When the name Usain Bolt is heard, it’s recognized.
He is the 6-foot-5-inch, eight-time Olympic gold medalist who also holds the world record in the 100-meter sprint (9.58 seconds) and 200-meter sprint (19.19 seconds). Let’s just say he has earned the title of “the greatest sprinter of all time.”
But what if someone had finally outsprinted the man whose last name has been etched into record books time and time again?
Crazy, right? No way! Impossible!
Well here’s how it happened according to a February 15 Youtube video by Indiatimes titled “Meet Srinivasa Gowda, Kambala Buffalo Jockey India’s Own Usain Bolt.”
A 28-year-old construction worker out of Moodabidri, India, named Srinivasa Gowda sprinted 142 meters in 13.68 seconds during a traditional Karnataka festival called Kambala.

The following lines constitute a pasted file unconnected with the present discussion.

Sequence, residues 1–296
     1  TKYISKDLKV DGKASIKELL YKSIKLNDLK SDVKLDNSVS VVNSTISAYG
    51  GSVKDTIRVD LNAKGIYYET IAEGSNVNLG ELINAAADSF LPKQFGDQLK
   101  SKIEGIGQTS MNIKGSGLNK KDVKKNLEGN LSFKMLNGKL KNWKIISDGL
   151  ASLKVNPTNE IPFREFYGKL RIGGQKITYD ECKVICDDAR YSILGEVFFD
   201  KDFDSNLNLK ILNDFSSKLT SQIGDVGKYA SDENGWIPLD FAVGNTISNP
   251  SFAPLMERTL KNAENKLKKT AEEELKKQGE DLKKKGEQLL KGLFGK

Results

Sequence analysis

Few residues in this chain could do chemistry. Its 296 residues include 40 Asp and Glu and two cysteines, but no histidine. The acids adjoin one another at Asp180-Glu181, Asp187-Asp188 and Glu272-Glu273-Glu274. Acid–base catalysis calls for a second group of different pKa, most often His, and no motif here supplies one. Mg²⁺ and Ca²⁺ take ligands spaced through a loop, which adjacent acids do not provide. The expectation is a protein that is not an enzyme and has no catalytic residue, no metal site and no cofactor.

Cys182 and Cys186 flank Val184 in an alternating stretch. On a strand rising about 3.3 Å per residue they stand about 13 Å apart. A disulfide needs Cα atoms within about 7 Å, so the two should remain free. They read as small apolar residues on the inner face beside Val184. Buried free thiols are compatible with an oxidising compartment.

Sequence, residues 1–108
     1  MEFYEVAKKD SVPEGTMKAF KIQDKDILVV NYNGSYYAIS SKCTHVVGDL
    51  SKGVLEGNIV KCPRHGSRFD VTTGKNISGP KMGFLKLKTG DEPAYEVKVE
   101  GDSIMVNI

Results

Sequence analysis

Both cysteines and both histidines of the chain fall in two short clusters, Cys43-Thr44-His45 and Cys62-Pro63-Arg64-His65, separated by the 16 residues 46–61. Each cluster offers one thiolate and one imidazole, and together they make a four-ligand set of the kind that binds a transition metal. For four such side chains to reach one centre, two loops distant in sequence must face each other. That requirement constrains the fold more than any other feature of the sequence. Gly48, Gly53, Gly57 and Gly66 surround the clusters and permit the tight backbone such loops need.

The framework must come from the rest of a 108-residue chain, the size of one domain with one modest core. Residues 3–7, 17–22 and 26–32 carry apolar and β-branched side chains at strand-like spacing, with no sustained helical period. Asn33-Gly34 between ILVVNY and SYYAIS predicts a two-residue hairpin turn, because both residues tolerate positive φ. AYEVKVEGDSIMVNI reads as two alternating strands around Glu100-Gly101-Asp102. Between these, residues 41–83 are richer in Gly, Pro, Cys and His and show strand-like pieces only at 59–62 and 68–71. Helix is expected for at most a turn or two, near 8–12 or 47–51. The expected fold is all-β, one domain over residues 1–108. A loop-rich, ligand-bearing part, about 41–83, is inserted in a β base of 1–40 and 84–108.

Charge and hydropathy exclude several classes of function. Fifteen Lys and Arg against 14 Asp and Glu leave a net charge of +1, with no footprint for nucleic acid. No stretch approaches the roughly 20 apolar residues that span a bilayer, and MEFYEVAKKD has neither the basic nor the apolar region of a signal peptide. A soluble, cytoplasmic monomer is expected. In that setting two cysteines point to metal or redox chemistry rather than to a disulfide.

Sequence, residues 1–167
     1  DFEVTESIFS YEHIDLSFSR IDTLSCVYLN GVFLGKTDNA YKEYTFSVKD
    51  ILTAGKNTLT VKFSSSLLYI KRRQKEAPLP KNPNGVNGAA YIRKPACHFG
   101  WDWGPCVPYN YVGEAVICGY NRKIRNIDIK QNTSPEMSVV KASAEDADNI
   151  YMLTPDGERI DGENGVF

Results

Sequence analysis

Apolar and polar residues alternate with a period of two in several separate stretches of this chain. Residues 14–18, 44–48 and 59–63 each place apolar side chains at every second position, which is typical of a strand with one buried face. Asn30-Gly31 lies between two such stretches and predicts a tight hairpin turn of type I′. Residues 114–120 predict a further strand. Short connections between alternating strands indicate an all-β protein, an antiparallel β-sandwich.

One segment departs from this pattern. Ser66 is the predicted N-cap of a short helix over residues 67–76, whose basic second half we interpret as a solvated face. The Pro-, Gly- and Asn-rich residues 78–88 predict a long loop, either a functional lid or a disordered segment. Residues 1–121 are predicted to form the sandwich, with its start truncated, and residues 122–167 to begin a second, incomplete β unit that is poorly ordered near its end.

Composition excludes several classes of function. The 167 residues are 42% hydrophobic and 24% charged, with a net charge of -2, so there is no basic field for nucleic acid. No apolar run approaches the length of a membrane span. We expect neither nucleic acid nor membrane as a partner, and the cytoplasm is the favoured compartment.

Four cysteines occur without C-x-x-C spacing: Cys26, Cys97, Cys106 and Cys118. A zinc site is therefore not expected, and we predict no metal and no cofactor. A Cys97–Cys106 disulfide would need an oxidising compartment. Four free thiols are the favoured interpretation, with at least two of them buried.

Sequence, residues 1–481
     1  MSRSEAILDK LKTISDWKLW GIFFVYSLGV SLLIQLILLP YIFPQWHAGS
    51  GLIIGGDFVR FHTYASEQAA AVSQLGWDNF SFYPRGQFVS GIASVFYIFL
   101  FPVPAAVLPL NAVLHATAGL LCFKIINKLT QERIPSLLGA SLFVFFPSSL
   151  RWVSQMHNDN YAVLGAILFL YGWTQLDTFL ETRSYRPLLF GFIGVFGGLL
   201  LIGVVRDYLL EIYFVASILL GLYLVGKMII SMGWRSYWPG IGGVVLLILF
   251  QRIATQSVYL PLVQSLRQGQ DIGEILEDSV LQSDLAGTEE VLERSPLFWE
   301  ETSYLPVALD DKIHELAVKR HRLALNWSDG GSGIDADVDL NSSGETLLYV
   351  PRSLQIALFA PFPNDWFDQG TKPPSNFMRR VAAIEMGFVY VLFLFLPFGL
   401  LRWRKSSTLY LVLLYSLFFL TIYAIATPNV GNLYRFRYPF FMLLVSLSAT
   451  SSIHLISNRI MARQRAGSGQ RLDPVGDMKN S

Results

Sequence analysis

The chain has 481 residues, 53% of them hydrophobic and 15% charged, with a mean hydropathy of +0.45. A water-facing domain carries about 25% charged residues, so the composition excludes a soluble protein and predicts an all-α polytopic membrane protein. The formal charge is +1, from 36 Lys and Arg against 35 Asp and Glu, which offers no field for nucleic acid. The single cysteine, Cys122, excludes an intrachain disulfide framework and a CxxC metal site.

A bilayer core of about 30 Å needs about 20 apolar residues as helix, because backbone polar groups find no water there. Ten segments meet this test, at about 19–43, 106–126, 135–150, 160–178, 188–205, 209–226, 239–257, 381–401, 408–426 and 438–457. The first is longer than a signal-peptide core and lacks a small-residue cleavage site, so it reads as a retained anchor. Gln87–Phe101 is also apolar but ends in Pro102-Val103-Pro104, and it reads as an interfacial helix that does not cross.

In an article published by Native Planet titled “10 Facts About Kambala Buffalo Race,” the festival is explained.
Kambala is a race in which two farmers, alongside their respective sets of water buffalo, sprint through long fields of slush. There can be anywhere between 20 to over 40 Kambala races between the months of November and March in various coastal regions of Karnataka, a state in south-west India.
Kambala racing has received a large amount of scrutiny from animal activists in the past who claim that it is a form of animal cruelty and that water buffaloes’ bodies are not meant to be raced at such an aggressive level. In November of 2014, India’s Supreme Court decided to ban Kambala racing. However, it has recently returned to Karnataka with strict rules and regulations now put in place to ensure good care of the water buffaloes before and after racing.
Kambala jockeys have assured onlookers and animal activists throughout the years, however, that the water buffaloes are well taken care of. They explained that they are beloved animals that are also extremely healthy because of the diet and exercise the Kambala racing provides them.
But back to Srinivasa Gowda. You know, the guy who just broke the world record.
When mathematicians, who are far more skilled in the field of numbers than I, calculated his time at 100-meter mark of the 142-meter race, they found that it was 9.55 seconds.